The news coverage of this tragedy borders on the irrational. On one had, FOX reports that there was no indication that he’d go postal. On the other hand, they observe that he was a domestic batterer and a convicted felon with a long history of incarceration.

  13. avatar Ralph says:

    So a felon with a restraining order shot a bunch of people in a gun free zone? If it wasn’t so tragic, this would be a Monty Python episode.

  14. avatar Don says:

    How does “an order” prevent someone from contacting someone they’ve abused? Sounds like you are relying on the crazy person to be reasonable and choose to follow that order. The only laws that must be followed are those of physics.

  15. avatar Sian says:

    Prohibited person, Gun Free Zone, disarmed citizens had to be rescued by a good guy with a gun.

    How many times does this have to repeat until they figure out what’s right in front of their faces?

    1. avatar Don says:

      And a guy who the police witnessed committing a felony that they didn’t cuff and jail. Much earlier police showed up to his residence to retrieve guns he was possessing that “belonged” to his ex girlfriend. She later gave them back to him because he threatened her. I guess she didn’t know how to use these guns she bought while they were together… They failed to arrest a person actively committing a felony with guns, and later he killed people with the same guns.

  16. avatar Ebby123 says:

    “She finally got the nerve to file for divorce,
    she let the law take it from there.
    But Earl walked right through that restraining order,
    and put her in intensive care.”

    Somethings never change…

  17. avatar Libertarian says:

    Another example thats show thats “no gun zone” sigs should be ignored from the lawfull and only limited you to ccw only carry ore generaly concealed for the rarity of constitutional carry states as kansas

  18. avatar Nyglockowner says:

    Convicted felon with guns, proudly displaying them in Facebook photos.

  19. avatar glenux says:

    I have never seen a Restraining Order that could stop a bullet.

  20. avatar Don says:

    And his ex girlfriend bought the guns and let him have access to them even though she knew he was a felon. Then when they broke up he kept the guns and she had to go with police back to retrieve them from him. It’s a felony for a felon to possess firearms. He was possessing firearms. He should have been arrested and put in jail on the spot. She could have been put in jail for straw buying them for him. Both felons were left on the streets. Police negligence!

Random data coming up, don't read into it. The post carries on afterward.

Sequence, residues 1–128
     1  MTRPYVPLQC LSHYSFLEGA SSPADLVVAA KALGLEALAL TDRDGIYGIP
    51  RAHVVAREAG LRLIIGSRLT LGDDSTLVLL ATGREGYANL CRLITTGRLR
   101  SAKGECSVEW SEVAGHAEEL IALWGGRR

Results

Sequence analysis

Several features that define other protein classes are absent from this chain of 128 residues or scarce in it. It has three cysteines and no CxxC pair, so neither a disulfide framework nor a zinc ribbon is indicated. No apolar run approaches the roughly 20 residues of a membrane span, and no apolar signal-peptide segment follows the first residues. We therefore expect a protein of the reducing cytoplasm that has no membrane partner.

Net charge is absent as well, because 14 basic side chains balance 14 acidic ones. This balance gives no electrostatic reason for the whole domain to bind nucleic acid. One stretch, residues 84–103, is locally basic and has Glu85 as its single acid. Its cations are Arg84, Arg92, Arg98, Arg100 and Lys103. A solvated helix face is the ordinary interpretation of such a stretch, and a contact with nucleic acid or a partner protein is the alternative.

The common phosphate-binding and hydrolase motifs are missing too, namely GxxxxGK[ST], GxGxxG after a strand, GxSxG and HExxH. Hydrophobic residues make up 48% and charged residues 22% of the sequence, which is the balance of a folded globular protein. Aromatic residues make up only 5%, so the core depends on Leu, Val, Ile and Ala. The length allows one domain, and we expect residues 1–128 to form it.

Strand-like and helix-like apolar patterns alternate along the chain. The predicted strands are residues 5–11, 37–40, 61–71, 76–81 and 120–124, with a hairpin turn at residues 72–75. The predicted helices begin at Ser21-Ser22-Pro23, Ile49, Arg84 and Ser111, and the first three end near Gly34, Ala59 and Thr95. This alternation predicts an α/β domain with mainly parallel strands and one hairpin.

https://www.washingtonpost.com/news/post-nation/wp/2016/02/26/kansas-gunman-served-protection-from-abuse-order-shortly-before-shootings-sheriff-says/

    1. avatar Mr. 308 says:

      That’s interesting, from the linked;

      “She told authorities that she went to the home the following month with police officers to get the guns, but said she returned them to Ford after he threatened her.”

      If that’s true, why didn’t the po-po arrest the guy at that time, he was a felon and had a firearm.

  21. avatar FormerWaterWalker says:

    Yes Don. Major straw purchase. Whadda’ U bet she sees NO prison time?

  22. avatar OneGuySays says:

    A restraining order should be accompanied by an automatic house arrest. Then, any attempt at a “jail break” would be cause for shooting the idiot. Let the wife-beaters learn the cost of their bullying.

  23. avatar Paul says:

    Where I work most of the employees are women and a good half of them are or have been in legal battles with ex husbands or boyfriends. Most of the women are on paych meds which does not exactly scream stable either. I got a CC permit because i am genuinely concerned that one of these guys will come after the woman and the rest of us will be caught in the hail of bullets. I also have to fire people and prefer being discreetly armed at those times. Workplace violence is getting worse and signs will not stop it.

  24. avatar Chip Bennett says:

    Oh, look: the laws already in place didn’t work, yet again:

    http://www.foxnews.com/us/2016/02/27/officials-woman-charged-with-providing-firearms-to-suspect.html

    Sarah Hopkins, of Newton, Kan., was accused in federal court of knowingly transferring a firearm to a convicted felon, according to Fox4KC.

    A criminal complaint says Hopkins gave two weapons to Cedric Ford who was shot dead by a Hesston Police Chief Doug Schroeder during Thursday shootings at Excel Industries in Hesston, the station reported.

    It’s almost as if laws don’t hinder violent criminals…